nothing. She seemed in a ruminating, posture, A little smoke, whose vapour, thin and light, soothed, perhaps, by the murmurs of the busy tribe Reeking alont, uprolled to the sky,
around her, to abstraction, though not to slumber. Which cheerful sign did send unto her sight, That in the same did wonne some living wight.
Lucy undid the lateh of the little garden gate, and
solicited the old woman's attention. "My father, Lycv acted as her father's guide, for he was too Alice, is come to see you." much engrossed with his political labours, or with,
He is welcome, Miss Ashton, and so are you," society, to be perfectly acquainted with his own exten- said the old woman, turning' and inelining her head bitant of the city of Edinburgh; and she on the other ther," said the Lord Keeper, who, struck with the sive domains, and, moreover, was generally an inha- towards her visiters.
"This is a fine morning for your bee-hives, moper in Ravenswood, and, partly from taste, partly outward appearance of Alice, was somewhat curious rom want of any other amusement, had, by her fre- to know if her conversation would correspond with
it uent rambles, learned to know each lane, alley, din
"I believe so, my lord,” she replied; “I feel the le, or bushy dell,
air breathe milder than of late.". "And every bosky bourne from side to side." I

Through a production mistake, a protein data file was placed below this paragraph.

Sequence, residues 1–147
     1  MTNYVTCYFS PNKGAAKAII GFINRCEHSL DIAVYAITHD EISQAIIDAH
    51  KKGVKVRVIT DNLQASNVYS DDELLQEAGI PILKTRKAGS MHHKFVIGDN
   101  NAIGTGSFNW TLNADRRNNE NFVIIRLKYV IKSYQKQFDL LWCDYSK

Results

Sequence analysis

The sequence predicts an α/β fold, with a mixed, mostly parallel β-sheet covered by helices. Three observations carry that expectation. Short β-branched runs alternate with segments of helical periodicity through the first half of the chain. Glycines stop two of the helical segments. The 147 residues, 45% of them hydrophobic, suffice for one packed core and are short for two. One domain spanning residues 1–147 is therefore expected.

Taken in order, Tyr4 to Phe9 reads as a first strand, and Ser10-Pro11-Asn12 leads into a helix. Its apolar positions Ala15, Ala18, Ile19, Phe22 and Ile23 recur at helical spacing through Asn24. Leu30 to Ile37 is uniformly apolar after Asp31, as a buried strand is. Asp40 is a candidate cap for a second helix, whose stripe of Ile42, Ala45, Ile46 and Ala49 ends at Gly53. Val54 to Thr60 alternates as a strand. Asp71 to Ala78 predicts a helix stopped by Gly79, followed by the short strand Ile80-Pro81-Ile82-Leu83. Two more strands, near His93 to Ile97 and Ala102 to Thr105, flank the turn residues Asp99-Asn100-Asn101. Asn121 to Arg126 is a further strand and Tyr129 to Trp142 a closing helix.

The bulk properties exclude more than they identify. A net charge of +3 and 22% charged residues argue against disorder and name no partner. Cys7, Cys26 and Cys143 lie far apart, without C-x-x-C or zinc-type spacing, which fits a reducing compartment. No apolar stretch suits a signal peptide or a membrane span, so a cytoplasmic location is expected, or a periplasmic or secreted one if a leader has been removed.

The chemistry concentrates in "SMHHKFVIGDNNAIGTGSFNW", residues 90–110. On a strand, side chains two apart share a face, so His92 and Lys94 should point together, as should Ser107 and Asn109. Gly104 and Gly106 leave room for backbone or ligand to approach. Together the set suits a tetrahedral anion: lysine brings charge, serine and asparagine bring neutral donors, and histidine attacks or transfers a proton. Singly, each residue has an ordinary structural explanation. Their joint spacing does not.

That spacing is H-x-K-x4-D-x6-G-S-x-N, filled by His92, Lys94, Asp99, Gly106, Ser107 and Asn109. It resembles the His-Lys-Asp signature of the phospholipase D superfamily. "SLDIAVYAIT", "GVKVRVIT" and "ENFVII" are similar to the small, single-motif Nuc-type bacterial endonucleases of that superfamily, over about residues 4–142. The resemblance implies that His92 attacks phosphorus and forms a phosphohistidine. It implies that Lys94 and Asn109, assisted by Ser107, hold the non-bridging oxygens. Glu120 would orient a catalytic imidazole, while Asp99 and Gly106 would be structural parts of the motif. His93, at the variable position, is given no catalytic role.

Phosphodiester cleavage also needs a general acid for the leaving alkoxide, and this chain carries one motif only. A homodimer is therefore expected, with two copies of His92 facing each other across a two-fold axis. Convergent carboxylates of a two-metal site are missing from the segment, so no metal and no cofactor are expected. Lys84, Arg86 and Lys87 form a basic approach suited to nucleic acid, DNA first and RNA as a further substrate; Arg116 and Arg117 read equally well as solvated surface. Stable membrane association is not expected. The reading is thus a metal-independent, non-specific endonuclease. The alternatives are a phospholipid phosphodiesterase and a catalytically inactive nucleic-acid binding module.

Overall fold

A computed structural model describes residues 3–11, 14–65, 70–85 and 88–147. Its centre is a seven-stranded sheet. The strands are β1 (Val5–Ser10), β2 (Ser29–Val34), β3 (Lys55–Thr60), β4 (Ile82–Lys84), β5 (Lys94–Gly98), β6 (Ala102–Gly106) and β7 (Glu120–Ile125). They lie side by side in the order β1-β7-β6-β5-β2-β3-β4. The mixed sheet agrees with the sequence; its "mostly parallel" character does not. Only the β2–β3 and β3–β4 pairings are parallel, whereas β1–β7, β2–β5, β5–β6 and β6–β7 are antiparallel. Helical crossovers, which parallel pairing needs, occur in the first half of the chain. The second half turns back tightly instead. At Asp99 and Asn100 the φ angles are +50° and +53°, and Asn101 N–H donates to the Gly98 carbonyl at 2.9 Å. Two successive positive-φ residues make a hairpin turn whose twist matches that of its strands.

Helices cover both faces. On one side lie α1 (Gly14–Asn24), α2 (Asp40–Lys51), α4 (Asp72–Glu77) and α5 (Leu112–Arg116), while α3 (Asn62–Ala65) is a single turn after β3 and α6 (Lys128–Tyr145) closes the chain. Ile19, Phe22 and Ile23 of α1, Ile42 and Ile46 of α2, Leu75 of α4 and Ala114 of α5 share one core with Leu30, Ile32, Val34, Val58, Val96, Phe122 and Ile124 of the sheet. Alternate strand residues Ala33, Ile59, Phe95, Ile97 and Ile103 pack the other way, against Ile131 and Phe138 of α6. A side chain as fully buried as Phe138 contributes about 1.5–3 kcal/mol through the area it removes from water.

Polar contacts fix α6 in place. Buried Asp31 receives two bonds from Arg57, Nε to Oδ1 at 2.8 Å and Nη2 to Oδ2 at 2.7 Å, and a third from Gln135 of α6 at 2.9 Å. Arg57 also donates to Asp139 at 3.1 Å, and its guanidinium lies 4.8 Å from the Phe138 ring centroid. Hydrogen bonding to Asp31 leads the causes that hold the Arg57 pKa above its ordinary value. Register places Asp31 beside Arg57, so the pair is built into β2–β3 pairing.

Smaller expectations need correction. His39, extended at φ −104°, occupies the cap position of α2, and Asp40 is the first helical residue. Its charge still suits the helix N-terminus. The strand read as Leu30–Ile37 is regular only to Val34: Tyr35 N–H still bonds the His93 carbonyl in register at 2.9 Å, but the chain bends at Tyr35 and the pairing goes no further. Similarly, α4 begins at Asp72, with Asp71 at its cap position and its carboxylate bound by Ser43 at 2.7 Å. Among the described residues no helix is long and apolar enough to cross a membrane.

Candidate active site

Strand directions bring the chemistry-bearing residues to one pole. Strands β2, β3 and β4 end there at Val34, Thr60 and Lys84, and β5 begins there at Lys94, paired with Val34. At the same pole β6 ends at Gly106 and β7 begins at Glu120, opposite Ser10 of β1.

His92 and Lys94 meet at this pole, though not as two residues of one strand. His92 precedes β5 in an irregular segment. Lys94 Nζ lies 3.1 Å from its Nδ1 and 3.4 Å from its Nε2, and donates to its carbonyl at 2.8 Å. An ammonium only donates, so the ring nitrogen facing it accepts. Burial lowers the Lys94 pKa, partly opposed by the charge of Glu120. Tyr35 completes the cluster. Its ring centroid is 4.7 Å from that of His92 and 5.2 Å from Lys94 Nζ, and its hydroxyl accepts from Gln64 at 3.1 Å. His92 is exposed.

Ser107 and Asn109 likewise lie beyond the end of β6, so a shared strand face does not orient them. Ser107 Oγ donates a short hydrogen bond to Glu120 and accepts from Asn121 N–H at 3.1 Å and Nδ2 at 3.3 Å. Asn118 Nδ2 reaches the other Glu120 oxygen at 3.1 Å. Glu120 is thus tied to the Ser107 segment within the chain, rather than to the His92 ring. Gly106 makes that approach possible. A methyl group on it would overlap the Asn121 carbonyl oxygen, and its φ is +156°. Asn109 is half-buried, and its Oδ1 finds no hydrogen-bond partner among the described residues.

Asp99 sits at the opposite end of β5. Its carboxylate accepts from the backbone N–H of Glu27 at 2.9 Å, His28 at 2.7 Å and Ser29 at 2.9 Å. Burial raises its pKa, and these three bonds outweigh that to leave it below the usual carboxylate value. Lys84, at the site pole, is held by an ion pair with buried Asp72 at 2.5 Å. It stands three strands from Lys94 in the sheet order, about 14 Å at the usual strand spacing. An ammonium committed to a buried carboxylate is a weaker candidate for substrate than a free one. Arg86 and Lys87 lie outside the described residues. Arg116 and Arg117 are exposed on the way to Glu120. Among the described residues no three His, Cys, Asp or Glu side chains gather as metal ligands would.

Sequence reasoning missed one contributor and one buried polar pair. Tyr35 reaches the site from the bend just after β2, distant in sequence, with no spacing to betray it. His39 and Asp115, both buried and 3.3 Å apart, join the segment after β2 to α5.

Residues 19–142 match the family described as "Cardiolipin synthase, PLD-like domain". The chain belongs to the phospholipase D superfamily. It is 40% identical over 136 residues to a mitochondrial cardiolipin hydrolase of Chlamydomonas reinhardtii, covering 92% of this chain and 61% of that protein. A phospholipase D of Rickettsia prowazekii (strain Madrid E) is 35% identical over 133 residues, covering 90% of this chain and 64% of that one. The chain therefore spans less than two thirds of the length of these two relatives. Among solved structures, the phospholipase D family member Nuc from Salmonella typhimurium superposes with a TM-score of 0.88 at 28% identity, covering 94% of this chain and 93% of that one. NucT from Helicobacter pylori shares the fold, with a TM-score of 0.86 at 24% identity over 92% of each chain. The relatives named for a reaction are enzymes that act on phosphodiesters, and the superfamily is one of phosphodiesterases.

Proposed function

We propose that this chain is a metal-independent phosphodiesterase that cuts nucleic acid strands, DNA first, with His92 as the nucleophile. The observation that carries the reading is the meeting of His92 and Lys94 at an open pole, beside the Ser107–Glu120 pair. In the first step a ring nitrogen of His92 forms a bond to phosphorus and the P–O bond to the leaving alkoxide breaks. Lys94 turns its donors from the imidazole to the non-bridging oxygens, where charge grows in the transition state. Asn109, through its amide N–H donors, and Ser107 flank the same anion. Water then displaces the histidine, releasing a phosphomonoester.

"You do not," resumed the statesman, tako
charge of these bees yourself, mother?-How do you We have said that the Lord Keeper was not indif- manage them ?" jrent to the beauties of nature; and we add, in jus- By delegates, as kings do their subjects," resumed
ce to him, that he felt them doubly, when pointed Alice; "and I am fortunate in a prime minister at by the beautiful, simple, and interesting girl, who, Here, Babie." anging on his arm with filial kindness, now called She whistled on a small silver call which hung im to admire the size of some ancient oak, and now around her neck, and which at that time was somede unexpected turn, where the path developing its times used to summon domestics, and Babie, a girl of snaze irom glen or dingle, suddenly reached an emi-fifteen, made her appearance from the hut, not alto henco commanding an extensive view of the plains gether so cleanly arrayed as she would probably have